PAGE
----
Mr Kofi Amenyah, Director, Legal Affairs, MoTI, gave the assurance that a Draft Competition Bill would become Law in 2018.


Dr Justice Samuel Date-Baah, Board Chairman, CUTS Ghana and Chairman for the occasion, noted that businesses and consumers in Ghana continued to suffer largely due to the absence of a functional competition regime in the country.


Dr Justice Date-Baah explained that that in absence of competition, firms engaged in bad practices like the abuse of monopoly, price fixing, cartelization of goods and services, bid rigging and exclusive market sharing agreement, among others.


He said a competition law was key to consumer protection as well as industry growth and that a functional competition regime consisted of a national competition policy and a competition law implemented by a well-resourced competition authority. 


CUTS Ghana is a public policy research and advocacy think tank, which is registered as a non-profit organization which works in the areas of consumer protection, economic regulation, trade and development, regional integration and competition policy and law, among others.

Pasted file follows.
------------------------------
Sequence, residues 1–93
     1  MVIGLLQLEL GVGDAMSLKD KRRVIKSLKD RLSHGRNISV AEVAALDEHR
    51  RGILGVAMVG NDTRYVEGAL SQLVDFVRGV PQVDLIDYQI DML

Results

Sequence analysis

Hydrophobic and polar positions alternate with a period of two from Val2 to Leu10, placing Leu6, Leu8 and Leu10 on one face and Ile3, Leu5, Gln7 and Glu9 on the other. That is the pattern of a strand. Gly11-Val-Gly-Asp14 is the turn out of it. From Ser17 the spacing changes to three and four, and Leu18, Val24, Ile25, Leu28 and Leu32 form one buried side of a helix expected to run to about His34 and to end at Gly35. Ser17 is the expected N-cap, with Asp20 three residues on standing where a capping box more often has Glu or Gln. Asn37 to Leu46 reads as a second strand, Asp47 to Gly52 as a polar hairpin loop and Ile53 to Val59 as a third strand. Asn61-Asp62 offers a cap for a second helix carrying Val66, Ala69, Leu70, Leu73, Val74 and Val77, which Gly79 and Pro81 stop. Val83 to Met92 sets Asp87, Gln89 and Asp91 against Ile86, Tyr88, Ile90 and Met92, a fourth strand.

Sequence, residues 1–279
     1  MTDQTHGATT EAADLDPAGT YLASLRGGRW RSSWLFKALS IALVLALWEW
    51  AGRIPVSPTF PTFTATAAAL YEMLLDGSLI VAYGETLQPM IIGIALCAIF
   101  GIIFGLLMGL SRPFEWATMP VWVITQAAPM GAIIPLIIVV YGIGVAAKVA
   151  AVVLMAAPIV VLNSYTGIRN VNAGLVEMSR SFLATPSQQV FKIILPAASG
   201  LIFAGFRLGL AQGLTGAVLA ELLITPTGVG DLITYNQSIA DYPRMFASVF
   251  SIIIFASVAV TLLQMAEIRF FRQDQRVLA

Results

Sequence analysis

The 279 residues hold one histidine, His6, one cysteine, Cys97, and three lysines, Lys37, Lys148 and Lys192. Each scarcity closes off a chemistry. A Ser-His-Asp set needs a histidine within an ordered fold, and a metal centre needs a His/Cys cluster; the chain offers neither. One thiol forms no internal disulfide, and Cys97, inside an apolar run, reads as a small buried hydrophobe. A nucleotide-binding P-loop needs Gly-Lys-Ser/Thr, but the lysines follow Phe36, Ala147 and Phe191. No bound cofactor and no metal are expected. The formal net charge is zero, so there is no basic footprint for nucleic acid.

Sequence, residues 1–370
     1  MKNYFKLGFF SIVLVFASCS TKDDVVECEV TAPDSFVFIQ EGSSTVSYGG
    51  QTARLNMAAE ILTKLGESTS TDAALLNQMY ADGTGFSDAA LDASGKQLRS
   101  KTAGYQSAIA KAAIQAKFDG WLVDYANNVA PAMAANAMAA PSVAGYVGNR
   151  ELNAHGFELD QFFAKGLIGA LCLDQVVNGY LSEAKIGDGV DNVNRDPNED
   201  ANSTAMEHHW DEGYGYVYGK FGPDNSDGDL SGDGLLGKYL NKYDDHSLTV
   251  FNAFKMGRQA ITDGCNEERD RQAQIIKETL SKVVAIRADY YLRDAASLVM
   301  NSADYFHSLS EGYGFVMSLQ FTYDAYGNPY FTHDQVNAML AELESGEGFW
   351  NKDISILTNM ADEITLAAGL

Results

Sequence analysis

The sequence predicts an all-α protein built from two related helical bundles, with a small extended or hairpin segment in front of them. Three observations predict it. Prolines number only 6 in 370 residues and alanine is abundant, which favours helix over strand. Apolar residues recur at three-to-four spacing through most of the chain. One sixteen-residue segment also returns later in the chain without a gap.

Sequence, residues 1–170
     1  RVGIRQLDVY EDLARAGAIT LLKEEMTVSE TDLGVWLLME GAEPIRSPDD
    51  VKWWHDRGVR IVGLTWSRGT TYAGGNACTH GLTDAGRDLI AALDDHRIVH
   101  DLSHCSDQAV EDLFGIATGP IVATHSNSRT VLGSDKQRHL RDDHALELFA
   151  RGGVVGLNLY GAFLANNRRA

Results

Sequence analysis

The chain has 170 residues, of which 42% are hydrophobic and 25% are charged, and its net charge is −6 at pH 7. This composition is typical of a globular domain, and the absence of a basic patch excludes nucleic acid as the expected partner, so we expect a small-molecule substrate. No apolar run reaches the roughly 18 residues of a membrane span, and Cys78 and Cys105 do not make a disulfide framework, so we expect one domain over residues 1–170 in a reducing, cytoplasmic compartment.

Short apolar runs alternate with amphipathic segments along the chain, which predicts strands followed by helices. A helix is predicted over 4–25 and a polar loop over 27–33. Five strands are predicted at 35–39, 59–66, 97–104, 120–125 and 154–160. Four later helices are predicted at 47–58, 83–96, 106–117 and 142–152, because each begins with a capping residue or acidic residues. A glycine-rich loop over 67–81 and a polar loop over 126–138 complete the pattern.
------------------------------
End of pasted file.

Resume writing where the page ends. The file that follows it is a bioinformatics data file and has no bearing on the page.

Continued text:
Ghana as a country does not have a functional competition regime and it is expected that the efforts of CUTS through the CREW and COMPAD projects would feed into developing a sustainable competition policy and law for the country.



With funding support from the Business Advocacy Challenge (BUSAC) Fund, CUTS Ghana recently launched a project referred to as the Competition and Advocacy Project (COMPAD Project).


The 15-month project, titled “Advocating for a Functional Competition Regime/ Framework,” was to be implemented in three phases, with the aim of complementing government’s efforts towards evolving a functional national competition policy and law in Ghana.


Apart from the COMPAD Project, CUTS also executed the Competition Reforms in Key Markets for Enhancing Social and economic Welfare in Developing countries (CREW Project).


The project, involving three Ministries— Transport, Food and Agriculture, and  Trade and Industry, with ISSER as its research partner —was to demonstrate measurable benefits from an effective competition policy and law regime in developing countries for ensuring competition reforms


Source: ISD (G.D. Zaney)


Created: 07 December 2017